Gerhard Schroeder has an interesting op-ed in today’s NYT. He notes that Germany has been helping out in Afghanistan and elsewhere and says he’d like to do more,
In addition to its current military involvement in Afghanistan, the Balkans and elsewhere, Germany is willing to provide humanitarian aid, to assist in the civilian and economic reconstruction of Iraq and to train Iraqi security forces.
When we gather in New York next week for the United Nations General Assembly, we will underline that Germany and the United States are linked by a profound friendship based on common experiences and values. For Germans, the 2003 general assembly is very special. It was exactly 30 years ago that Germany was admitted to the United Nations, a milestone in our postwar history. Back then, Germans were still forced to live in two states, divided by a wall and a dangerous border. Today, Germany is united.
We Germans will not forget how the United States helped and supported us in rebuilding and reuniting our country. That Germany is living today in a peaceful, prosperous and secure Europe is thanks in no small measure to America’s friendship, farsightedness and political determination.
Beginning with President Harry S. Truman, all American presidents have supported and encouraged European integration. This remains a wise policy, for a strong and united Europe is also in the interest of the United States. With the adoption of a European constitution and the enlargement of the European Union, Europe is opening an important new chapter in unity. Germany, as a civilian power in the heart of Europe, knows from its own history that cooperation and integration are conditions for security and prosperity.
Not until after the fall of the wall and unification did Germany fully regain its sovereignty. Today we are a full member in the international community–with all the rights and obligations this entails. Germany’s role in the world has changed and so has our foreign policy. My country is willing to shoulder more responsibility. This may entail using military force as a last resort in resolving conflicts.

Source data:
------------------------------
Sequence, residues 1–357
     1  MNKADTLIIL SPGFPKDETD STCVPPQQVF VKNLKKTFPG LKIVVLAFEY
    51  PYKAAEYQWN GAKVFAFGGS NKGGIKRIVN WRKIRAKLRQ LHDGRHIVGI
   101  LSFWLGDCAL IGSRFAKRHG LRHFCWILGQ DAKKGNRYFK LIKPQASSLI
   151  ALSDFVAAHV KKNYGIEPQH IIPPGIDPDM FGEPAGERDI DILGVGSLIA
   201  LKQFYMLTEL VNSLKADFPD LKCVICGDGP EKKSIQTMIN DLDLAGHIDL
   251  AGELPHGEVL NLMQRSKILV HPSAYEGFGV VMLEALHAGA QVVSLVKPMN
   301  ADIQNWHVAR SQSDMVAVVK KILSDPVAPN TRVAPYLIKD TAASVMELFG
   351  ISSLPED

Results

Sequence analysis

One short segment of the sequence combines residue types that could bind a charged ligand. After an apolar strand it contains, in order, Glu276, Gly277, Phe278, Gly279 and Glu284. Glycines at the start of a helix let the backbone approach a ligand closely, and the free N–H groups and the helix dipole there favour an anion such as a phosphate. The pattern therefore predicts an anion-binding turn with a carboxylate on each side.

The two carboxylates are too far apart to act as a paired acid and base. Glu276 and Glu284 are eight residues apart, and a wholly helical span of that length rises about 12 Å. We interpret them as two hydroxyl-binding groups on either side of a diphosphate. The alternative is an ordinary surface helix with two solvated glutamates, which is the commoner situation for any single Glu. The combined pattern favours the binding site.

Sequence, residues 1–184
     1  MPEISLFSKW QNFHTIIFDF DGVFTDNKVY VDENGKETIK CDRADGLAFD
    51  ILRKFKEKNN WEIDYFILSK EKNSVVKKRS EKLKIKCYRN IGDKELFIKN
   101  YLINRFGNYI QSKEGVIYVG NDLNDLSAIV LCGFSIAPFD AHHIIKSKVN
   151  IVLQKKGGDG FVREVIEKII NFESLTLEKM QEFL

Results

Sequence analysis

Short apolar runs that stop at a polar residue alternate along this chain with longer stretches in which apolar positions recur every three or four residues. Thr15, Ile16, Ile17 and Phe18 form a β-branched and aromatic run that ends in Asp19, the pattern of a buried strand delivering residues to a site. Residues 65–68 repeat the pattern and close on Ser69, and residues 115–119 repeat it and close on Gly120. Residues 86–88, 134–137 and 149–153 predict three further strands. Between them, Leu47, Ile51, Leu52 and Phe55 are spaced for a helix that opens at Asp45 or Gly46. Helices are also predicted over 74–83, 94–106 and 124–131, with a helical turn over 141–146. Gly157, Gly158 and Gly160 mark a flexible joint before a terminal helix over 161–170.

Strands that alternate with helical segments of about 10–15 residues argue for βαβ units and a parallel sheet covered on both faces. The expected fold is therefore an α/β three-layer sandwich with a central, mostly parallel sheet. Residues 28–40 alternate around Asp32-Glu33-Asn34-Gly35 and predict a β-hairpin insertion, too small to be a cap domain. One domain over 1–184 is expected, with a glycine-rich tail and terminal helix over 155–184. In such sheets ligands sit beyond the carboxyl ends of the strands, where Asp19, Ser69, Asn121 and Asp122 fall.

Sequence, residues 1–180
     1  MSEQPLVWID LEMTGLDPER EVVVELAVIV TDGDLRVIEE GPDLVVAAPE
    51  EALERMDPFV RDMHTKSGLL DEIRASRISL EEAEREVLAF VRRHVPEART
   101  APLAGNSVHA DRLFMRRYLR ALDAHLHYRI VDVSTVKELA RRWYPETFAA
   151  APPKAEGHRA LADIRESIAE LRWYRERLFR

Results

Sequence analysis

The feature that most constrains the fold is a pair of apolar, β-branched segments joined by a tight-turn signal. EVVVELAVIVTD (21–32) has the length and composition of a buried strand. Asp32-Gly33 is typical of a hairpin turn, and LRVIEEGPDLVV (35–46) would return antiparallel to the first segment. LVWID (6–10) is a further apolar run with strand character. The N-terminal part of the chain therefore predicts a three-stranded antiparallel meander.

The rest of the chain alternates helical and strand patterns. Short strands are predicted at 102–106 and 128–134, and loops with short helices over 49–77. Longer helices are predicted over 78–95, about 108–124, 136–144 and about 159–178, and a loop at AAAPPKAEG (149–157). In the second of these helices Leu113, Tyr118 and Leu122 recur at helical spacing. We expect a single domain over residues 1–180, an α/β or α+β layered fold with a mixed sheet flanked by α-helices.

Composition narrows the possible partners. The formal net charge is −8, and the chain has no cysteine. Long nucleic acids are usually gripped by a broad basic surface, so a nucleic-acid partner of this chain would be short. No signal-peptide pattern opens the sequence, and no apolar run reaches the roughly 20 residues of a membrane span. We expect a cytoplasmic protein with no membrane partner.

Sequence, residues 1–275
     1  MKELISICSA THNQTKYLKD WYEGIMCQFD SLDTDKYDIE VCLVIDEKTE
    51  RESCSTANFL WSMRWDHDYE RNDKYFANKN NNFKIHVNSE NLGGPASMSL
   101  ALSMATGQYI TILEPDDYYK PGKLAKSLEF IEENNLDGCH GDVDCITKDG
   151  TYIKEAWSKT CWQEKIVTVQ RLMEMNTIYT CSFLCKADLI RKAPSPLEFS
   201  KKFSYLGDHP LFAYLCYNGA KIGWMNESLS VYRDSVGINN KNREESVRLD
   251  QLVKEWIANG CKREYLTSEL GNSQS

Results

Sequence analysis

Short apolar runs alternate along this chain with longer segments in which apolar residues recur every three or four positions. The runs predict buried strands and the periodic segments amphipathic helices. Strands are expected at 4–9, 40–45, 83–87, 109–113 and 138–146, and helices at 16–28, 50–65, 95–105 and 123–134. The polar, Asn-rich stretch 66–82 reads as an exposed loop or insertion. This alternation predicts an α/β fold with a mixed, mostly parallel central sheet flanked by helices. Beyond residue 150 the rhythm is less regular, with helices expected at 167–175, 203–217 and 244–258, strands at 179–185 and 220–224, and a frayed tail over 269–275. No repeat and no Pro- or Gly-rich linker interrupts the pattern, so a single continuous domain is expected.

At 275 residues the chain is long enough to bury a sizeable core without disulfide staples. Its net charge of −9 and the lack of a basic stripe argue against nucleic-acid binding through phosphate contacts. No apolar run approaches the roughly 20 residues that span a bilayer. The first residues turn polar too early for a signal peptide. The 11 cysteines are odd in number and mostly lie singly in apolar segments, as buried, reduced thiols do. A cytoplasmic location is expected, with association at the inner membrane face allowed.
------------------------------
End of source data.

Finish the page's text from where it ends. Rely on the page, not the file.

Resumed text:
However, we must not forget that security in today’s world cannot be guaranteed by one country going it alone; it can be achieved only through international cooperation. Nor can security be limited to the activities of the police and the military. If we want to make our world freer and safer, we must fight the roots of insecurity, oppression, fanaticism and poverty– and we must do it together.
Quite a nice statement and one that doesn’t surprise me, since I’ve often noted that our friendship with Germany is much more deeply-rooted than that with France.
The obvious question, though, is what to make of the closing paragraph. On the one hand, it’s a statement of the obvious. On the other, it could be a very diplomatic, “But we’ll only help under conditions that are likely to be unacceptable to the Bush Administration, so I get credit for being nice but don’t actually have to do anything.” We shall see.